Today is my birthday.
I was born thirty-one years ago at the Scripps Memorial Hospital here in San Diego at about 12:50 in the afternoon. A Cesarean birth, I came into the world buck naked, soaked in blood, and screaming my fool head off. I have every intention of leaving it the exact same way.
I share the 17th of June with cultural luminaries like M.C. Escher, Igor Stravinsky, and fellow TNBer Darian Arky. I also share it with Newt Gingrich and Joe Piscopo, but please, don’t hold that against me.
Thirty-one. It’s an odd year, no pun intended. I don’t mind aging into it, especially since I seem to be doing it with a reasonable amount of grace, but thirty was a good age for me, and I’ll miss it. It was the age where I realized the act of becoming my adult self was complete, and I was happy with the result—far happier than I was with myself at eighteen or twenty-five. Sure, I haven’t set the world on fire the way thought I would, but there’s still years to go before my inevitable naked screaming bloodbath. In the meantime I feel perfectly comfortable telling myself, Hey, you. I like you. Let’s go get a beer.
Thirty-one, though? Meh. Just a number. Not even worth bringing up, really, and the only reason I do so is because, in addition to my birthday, today marks a personal anniversary too important for me to let pass unacknowledged.
Fifteen years ago, on June 17th, 1995—my sixteenth birthday—I was promoted to black belt in karate at a large, once-a-year ceremony held at our dojo, in front of every gathered student and their families. I was the only one who qualified to test that year, so I was the only new black belt promoted. As far as birthdays go, that experience didn’t suck.
I tested for black about three years after I started training, a much faster progression than usual, which only happened because I was there training or serving as an assistant instructor every day I could. I went to every special training seminar and every tournament possible, both in and out of the state. I went to open workouts and scheduled private lessons to develop the areas where I was struggling. In short, I progressed that fast because I worked my ass off.
The black belt test is a private matter, and different for each student, so I wouldn’t discuss the details of it even if I weren’t forbidden from doing so. But I can tell you this: fifteen years later it remains the most physically and emotionally demanding thing I’ve ever done. It was so exhausting I slept for most of the two days afterwards. By comparison, defending my master’s thesis was a cakewalk.
Until then, my life had been all about keeping my head down and my parents happy so they’d leave me alone. I brought home excellent grades, but only because I more or less had the freedom to do whatever I wanted as long as I kept my report cards covered in As. Applying myself to my schoolwork was a necessary evil, one I took no pride in whatsoever.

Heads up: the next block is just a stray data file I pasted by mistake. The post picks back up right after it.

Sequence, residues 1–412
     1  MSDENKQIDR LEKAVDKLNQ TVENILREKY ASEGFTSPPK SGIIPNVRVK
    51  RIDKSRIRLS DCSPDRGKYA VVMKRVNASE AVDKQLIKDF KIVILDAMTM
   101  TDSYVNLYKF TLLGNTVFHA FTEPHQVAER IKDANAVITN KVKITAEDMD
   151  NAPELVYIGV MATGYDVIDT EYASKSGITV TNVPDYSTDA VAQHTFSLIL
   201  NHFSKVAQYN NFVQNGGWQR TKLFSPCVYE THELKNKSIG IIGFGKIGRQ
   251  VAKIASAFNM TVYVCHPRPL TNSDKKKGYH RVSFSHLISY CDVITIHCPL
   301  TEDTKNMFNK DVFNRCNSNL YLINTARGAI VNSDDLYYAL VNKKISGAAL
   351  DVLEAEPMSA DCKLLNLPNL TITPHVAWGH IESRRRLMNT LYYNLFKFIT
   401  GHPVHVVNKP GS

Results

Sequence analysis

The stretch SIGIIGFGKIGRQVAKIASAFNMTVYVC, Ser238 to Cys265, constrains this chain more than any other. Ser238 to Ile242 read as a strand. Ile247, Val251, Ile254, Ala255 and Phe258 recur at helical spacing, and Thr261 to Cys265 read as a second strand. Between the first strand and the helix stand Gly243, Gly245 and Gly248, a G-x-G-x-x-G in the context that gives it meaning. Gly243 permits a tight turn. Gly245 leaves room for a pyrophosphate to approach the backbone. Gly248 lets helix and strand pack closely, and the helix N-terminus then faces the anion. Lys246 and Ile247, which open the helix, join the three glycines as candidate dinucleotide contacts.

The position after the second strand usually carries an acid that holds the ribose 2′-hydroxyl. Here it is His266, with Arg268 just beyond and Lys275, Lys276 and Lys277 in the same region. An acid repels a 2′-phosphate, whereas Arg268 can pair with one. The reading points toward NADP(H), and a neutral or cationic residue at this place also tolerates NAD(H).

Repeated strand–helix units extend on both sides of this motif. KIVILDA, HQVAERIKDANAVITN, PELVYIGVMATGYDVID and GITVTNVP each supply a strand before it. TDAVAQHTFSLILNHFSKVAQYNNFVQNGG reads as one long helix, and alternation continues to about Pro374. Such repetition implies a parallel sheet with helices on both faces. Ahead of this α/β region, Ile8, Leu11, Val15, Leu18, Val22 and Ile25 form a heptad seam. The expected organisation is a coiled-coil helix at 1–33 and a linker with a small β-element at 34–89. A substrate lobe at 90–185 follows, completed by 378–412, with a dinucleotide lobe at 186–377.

Putting that belt on for the first time, though, the fabric still darker than the unlit night sky and so stiff it resisted knotting, was something wholly and completely for me, and the joy of it was so overwhelming I wept a little bit, there in front of all those people. Remembering it brings unashamed tears to my eyes even as I write these words.
I cannot, and would not, deny that it’s that accomplishment and the training that went into it that shaped me into the adult I’ve grown into. One reason among many, for sure, but one that shines out like a gold nugget among the granite scree.
My belt has aged a bit worse than I have. At fifteen years it’s physically older than some of my students. It’s faded and tattered, but still bears the four red stripes that mark me as a fourth-degree sensei. I’ve gone from being a novice black belt to one of the senior instructors. My next promotion will elevate me to fifth degree, the internationally recognized rank of shihan (Master). I imagine I’ll retire my current belt when that happens and start over with a new one. Though this might seem somewhat undignified, the belt is really only the symbol of the accomplishment, not the accomplishment itself; that, I carry within me at all times.
These days it’s my honor to exclusively teach our dojo’s adolescent brown belts, to train and prepare them for their own black belt tests, and I’m proud to say I’ve never had a student fail. I’m a taskmaster who doesn’t feel complete unless my students are some combination of sweaty, sore, or exhausted at the end of a lesson, and these kids continue to humble and surprise me with their energy and exuberance in rising to every challenge I throw at them. Even the goofballs. Especially the goofballs.
Though thirty-one might be a humdrum number, starting tomorrow night I’m going to celebrate it all weekend: drinks with friends and coworkers; my annual viewing of Blade Runner; maybe a new tattoo. I’ll get a few presents, I’m sure, and who knows, maybe I’ll even meet a girl; there’s nothing quite like “It’s my birthday!” for earning a bit of cache with the opposite sex. Well, it works on me, at least.
And all that will be fun, but I already know tonight is going to be the best part. Tonight I’m not just celebrating my birthday, but my fifteenth year as a black belt, and I’m going to do so by training with my students. We’re going to get tired and sweaty and bruised and have a lot of fun doing it. Working with them is the gift I give myself, and it never disappoints.